If all these haven’t scared you yet, consider another aspect of restaurants: they have incredibly low life cycles. People naturally have the habit of trying something ‘’new” when it comes to eating out, so they always flock to the newest restaurant. However, once they have visited there once or twice, majority stop going as they look for the next hot new restaurant, which will always be there as every tom, dick and harry are always trying to get into this business. So what you are left with, after a few months of opening your own restaurant, are very few remaining customers, and little idea on how to get the other ones back. You can spend intensely on marketing, but that will wither away whatever tiny net margin you had to begin with. It’s a lose-lose any way you look at it.
The problem here is that most of us are victims of “herd mentality”. It is defined as when we do something not because we are convinced of it through our logic, but because we have seen a large number of others doing it. It is a mental decision-making shortcut that helps us well in certain situations. For example, you are walking down the street, and you suddenly find 10 people running towards you, panicking. It would not be wise for you to stand there and carefully analyze the situation before you make a decision about what to do. If there are some crazed goons in helmets behind them, beating up every person they find, by the time you understand the situation you may find yourself surrounded. So a better decision for you is to just run with the others, and then later figure out what’s up. Herd mentality is an excellent instinct when it comes to running away from predators or natural disasters, but not so when you are considering dumping your life savings into a venture. Unfortunately, that is precisely what makes people open certain businesses, like restaurants, travel agencies, digital marketing firms, etc. People do not try to understand if this particular business is a solid idea on its own. They take the mental shortcut of “if so many people are doing it, there must be lots of money to make!”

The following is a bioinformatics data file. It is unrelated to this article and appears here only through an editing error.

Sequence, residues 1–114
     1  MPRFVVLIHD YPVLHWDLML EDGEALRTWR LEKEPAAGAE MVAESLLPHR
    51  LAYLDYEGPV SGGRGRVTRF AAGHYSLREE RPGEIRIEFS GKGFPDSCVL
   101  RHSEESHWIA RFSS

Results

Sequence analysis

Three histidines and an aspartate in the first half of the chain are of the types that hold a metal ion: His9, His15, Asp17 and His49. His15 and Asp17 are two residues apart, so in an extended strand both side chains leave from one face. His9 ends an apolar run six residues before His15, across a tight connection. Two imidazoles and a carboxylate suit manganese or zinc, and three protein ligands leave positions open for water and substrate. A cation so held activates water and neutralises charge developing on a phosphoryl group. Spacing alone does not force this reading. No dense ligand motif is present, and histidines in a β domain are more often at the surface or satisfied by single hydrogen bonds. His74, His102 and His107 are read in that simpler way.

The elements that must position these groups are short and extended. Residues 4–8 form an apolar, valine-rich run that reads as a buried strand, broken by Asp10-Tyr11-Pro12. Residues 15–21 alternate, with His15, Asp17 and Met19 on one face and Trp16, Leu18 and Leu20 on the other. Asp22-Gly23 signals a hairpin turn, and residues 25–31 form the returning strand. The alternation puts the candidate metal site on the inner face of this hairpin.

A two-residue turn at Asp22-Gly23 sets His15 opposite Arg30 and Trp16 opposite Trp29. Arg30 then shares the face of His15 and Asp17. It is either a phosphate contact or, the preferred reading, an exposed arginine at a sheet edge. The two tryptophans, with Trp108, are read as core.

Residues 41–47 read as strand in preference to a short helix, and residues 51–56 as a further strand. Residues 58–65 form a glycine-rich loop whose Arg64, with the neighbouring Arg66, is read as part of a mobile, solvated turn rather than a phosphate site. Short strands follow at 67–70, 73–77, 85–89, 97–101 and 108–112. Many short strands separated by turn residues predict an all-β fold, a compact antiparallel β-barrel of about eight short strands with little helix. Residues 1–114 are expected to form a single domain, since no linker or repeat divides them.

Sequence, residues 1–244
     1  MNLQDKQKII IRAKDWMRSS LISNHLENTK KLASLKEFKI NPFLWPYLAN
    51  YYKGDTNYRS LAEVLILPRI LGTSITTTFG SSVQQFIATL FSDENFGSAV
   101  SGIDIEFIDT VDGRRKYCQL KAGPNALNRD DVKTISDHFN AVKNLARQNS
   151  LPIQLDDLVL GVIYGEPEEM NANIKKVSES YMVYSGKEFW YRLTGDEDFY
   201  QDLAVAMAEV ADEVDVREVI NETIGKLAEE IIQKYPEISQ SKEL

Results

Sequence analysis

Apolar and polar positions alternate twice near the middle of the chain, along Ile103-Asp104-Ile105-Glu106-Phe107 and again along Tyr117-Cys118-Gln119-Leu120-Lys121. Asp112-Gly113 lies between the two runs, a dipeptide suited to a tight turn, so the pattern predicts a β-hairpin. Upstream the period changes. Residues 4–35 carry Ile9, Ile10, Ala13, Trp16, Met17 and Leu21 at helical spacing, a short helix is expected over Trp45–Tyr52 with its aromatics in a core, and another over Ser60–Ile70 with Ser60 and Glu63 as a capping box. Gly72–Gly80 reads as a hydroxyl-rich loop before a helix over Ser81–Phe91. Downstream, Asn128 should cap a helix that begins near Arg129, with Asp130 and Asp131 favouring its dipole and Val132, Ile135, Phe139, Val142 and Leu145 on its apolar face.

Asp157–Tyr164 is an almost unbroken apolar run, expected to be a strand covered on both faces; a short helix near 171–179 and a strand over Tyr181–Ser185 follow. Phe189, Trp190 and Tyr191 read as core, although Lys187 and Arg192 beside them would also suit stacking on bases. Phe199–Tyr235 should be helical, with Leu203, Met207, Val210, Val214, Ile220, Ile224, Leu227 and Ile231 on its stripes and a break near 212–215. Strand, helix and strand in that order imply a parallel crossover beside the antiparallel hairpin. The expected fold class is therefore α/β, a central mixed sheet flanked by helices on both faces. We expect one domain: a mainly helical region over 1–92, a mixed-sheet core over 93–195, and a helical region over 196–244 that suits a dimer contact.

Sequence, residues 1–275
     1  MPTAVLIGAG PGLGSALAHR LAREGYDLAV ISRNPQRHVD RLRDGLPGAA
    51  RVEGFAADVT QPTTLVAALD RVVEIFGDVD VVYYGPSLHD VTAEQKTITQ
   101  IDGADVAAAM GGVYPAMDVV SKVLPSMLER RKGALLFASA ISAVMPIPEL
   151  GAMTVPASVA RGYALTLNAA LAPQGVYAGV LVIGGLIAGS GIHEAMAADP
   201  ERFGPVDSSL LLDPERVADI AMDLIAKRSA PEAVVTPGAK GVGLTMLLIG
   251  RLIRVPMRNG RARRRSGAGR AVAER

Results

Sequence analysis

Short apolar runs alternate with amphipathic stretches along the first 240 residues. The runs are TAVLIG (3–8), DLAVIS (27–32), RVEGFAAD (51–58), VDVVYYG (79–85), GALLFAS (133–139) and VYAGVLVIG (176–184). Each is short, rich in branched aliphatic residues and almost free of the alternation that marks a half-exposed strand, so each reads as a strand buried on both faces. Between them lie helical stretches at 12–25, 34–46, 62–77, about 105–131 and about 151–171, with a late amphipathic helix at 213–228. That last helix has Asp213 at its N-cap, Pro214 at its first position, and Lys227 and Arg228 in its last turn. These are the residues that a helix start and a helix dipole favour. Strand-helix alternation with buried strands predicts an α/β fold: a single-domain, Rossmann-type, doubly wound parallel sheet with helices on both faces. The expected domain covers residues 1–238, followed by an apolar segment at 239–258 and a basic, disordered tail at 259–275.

Elon Musk, perhaps the most visionary entrepreneur of our generation, talks about this exact phenomenon when he asks us to assume that “everyone around you are idiots”. This might sound derogatory, but what he means is that the worst decision you can make as an entrepreneur is following the herd because the herd is almost always wrong. Mark Cuban, billionaire entrepreneur, and star of “Shark Tank”, echoes a similar sentiment when he says “if you are looking where everyone else is looking, you are looking in the wrong direction”.
Musk stresses that when it comes to making any decision, business or otherwise, you try to gauge whether the decision on its own has logic. You look at the numbers. You look at the facts. You separate all mental fallacies and decide whether the decision has its own merit. That is sound advice not just for business but for life in general.